Internet Mysteries: Who is an5858?

Those of you who read here regularly know that a good mystery or puzzle is a popular subject. Barely Sociable, a YouTuber who covers this kind of topic a lot, featured a recent video dealing with such a subject: The Fake Diploma Forum Spammer – Internet Oddities.

Of course, spam, in and of itself, isn’t a mystery (just check your inbox), but the strange thing about this particular spammer is how widespread and prolific the spam posts are, in spite of the fact that there are anti-spam protocols on most websites these days. Even so, this doesn’t mean that the anti-spam programs (like CAPTCHAs) are able to stop everything.

A while back, there was a post here entitled Who Would Hack, and it appears as though it may have been the same spammer that Barely Sociable is referring to in his video. While the site that they were advertising on WritersCafe was different than the one mentioned in the video, the spam messages used a very similar format. It may be that back when I wrote the post, the same person or people used a different site, which was unsuccessful, so they started up new businesses.

In any case, this particular spammer (who sometimes uses the name “Andy”) frequently advertises illegal diplomas, particularly to people who live in China, in which diplomas are a desirable commodity, especially to people who may be unable to afford the cost of going to a university. While it’s better to approach something like this with a degree of skepticism, someone who’s desperate might not.

Interestingly, it’s easy to find thousands of instances where Andy had posted on different sites by searching for “501058216” on different search engines, like DuckDuckGo, Google, and StartPage. This number references a WeChat ID used by Andy.

Also, Andy uses many variations on the name “dyellogfhf,” usually followed by a string of numbers. This Pastebin post lists quite a few of the different email addresses used by this same person: The Forum Spammer Txt Document. As Barely Sociable mentions in his video, it’s possible that one of the programs that Andy may be using is called XRumer, made by BotmasterLabs. The program advertises itself with the following description:

This software will help to increase traffic to website to hundreds, thousands [of] times. Program have [sic] a rich seven year history, which use [sic] experience of professionals in search engine optimization. Appreciate and use a truly unique and powerful XRumer program, can [sic] both professionals and beginners.

The use of a program like this might explain how the spammer is able to circumvent CAPTCHAs and other anti-spam methods. The version in question is proprietary and quite expensive, but there may be some open source or free versions floating around as well. (EDIT: there appears to be a newer version of XRumer called XEvil that has both free and premium versions, if people want to try it out.)

XEvil’s homepage

It’s also interesting to note that “Andy” may be involved in other illegal businesses as well (which is not that surprising, given the spam/fraud stuff). According to the video, the same person seems to be connected to a Korean escort service/massage parlor business, but under different usernames, one of these being “AN5858.”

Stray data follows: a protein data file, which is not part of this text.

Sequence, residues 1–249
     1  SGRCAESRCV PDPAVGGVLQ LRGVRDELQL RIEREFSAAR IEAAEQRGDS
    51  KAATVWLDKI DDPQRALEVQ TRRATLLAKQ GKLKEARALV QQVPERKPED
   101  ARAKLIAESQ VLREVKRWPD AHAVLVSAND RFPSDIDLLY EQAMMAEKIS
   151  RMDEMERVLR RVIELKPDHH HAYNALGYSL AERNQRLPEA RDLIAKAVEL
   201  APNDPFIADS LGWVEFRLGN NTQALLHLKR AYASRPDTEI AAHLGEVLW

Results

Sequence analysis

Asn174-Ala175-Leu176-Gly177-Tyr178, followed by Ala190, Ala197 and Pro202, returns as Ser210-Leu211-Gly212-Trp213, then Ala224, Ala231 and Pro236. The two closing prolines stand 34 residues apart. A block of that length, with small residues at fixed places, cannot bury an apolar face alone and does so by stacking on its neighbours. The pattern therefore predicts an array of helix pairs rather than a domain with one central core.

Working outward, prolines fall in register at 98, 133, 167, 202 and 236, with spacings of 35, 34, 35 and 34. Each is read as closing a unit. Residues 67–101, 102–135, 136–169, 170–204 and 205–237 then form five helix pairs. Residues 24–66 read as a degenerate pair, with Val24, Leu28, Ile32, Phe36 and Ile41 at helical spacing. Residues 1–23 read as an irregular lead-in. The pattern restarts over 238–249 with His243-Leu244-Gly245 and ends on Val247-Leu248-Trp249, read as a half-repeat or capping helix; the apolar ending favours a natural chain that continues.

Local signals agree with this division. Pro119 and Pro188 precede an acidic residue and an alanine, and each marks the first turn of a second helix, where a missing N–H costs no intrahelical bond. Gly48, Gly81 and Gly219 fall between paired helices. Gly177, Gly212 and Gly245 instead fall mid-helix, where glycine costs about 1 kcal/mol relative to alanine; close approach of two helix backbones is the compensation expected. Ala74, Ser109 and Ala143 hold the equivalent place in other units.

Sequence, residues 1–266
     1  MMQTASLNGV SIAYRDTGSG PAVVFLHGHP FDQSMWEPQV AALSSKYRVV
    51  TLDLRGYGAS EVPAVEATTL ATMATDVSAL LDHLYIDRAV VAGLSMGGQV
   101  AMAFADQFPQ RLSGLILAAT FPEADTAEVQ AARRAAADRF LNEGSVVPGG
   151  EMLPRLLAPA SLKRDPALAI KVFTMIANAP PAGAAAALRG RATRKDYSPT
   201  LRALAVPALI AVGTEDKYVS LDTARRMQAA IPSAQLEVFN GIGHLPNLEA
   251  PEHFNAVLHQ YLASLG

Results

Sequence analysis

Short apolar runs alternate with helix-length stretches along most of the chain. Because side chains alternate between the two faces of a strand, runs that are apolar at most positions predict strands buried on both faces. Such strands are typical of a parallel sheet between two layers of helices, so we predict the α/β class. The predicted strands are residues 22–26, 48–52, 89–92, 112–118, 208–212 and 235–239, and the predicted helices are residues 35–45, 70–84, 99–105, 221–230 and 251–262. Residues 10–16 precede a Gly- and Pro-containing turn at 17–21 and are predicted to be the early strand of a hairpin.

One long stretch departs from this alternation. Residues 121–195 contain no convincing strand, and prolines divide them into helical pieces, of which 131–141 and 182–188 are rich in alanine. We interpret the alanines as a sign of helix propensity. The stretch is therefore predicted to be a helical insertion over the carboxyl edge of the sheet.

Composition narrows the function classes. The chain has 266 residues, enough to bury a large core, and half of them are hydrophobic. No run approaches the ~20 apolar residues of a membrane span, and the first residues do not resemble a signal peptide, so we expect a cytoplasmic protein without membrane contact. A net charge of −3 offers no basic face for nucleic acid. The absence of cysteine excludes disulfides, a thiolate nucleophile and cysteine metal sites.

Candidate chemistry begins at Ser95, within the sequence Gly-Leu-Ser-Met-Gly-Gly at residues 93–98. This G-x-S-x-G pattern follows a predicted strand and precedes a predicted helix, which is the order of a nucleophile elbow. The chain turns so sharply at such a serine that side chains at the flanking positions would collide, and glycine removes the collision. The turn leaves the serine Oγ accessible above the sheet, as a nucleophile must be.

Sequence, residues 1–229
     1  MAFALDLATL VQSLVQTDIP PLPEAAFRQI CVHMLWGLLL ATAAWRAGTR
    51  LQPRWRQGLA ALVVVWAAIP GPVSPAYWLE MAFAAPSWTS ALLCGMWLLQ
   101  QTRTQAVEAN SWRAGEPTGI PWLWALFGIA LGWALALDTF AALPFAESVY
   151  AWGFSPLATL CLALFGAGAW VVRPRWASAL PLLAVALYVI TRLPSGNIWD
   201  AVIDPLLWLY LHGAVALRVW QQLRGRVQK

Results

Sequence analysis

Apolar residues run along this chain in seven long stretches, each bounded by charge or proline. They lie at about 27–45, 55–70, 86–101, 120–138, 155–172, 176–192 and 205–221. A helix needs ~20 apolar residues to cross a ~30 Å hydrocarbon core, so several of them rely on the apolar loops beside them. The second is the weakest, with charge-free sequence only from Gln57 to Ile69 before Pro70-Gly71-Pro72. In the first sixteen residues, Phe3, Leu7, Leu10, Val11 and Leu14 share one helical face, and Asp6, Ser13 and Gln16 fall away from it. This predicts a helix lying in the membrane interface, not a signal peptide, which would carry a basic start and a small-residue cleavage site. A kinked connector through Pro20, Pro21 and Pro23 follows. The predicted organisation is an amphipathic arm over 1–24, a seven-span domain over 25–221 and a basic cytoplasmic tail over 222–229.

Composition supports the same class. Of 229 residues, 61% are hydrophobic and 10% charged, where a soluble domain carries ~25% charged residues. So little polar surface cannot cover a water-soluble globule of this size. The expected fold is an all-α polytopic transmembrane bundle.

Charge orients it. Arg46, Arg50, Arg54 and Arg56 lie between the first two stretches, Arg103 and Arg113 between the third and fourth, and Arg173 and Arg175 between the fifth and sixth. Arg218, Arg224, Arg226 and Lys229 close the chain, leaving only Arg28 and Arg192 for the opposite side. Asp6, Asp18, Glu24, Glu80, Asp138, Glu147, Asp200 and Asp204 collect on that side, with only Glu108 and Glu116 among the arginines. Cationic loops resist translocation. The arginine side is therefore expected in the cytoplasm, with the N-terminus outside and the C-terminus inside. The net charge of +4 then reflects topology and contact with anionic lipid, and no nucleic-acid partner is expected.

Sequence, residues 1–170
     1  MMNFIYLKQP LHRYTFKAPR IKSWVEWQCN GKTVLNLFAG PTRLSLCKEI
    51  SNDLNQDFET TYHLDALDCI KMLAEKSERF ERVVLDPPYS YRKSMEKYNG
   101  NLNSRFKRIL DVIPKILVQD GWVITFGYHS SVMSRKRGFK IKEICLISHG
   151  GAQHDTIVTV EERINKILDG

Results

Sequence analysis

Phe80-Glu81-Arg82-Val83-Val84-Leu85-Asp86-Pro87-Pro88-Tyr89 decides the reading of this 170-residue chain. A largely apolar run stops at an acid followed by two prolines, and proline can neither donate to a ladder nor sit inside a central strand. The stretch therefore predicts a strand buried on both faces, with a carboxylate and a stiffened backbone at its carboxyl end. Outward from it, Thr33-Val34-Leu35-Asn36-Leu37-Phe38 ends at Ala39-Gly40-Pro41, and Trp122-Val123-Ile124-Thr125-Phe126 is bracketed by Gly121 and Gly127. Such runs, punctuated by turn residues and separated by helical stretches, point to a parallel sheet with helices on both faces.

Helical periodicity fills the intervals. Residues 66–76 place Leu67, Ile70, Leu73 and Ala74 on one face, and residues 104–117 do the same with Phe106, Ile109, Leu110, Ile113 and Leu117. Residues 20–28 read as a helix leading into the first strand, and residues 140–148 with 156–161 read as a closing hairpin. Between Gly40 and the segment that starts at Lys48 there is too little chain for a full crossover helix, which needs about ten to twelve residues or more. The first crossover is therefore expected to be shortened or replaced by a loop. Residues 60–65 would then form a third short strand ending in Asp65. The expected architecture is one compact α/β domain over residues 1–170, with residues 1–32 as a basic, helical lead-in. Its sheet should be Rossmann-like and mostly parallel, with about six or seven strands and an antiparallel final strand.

If you actually visit, you’ll see a site like this:

Initially, when visiting this site, the buttons were clickable, and led to a forum of sorts; that doesn’t seem to be the case now. It may be that Barely Sociable’s video was starting to draw unwanted attention to the site, and the owner disabled those functions.

All in all, the fact that “Andy” is a spammer and posts on as many websites as possible isn’t that strange, but the fact that he’s been able to get past many sites’ security protocols and is involved in multiple sketchy businesses is intriguing to me.

Has anyone else encountered this bot before on a site? Do you have any other interesting links to share related to it? Let me know in the comments, as usual.

2 thoughts on “Internet Mysteries: Who is an5858?”

  1. In reference to spam filters not being able to stop this person, I think if you have any cyber-security application that’s controlled by a machine learning algorithm, you’re operating on fuzzy logic, so the AI is going to make mistakes from time to time, because you can’t gain human-like intelligence without introducing a level of human error. I think as spam filters and other cyber-security programs rely increasingly on AI, we’re going to see a shift in the focus of spammers, crackers, etc. from traditional methods of exploiting known vulnerabilities to finding ways to fool the AI into thinking a session, program, message, etc. is non-malicious. This is a pen-testing project I’ve had in the works for the last couple weeks – the problem of how to bypass a security system that’s actually intelligent, and I’m eager to try out some of the concepts I’ve come up with on my own HackMe server (in the safety of my own pen-testing lab of course) using an ML framework like TensorFlow or Jupyter. It’s going to be pretty interesting to see the direction that hacking as a field of research goes in as AI takes over the security scene.

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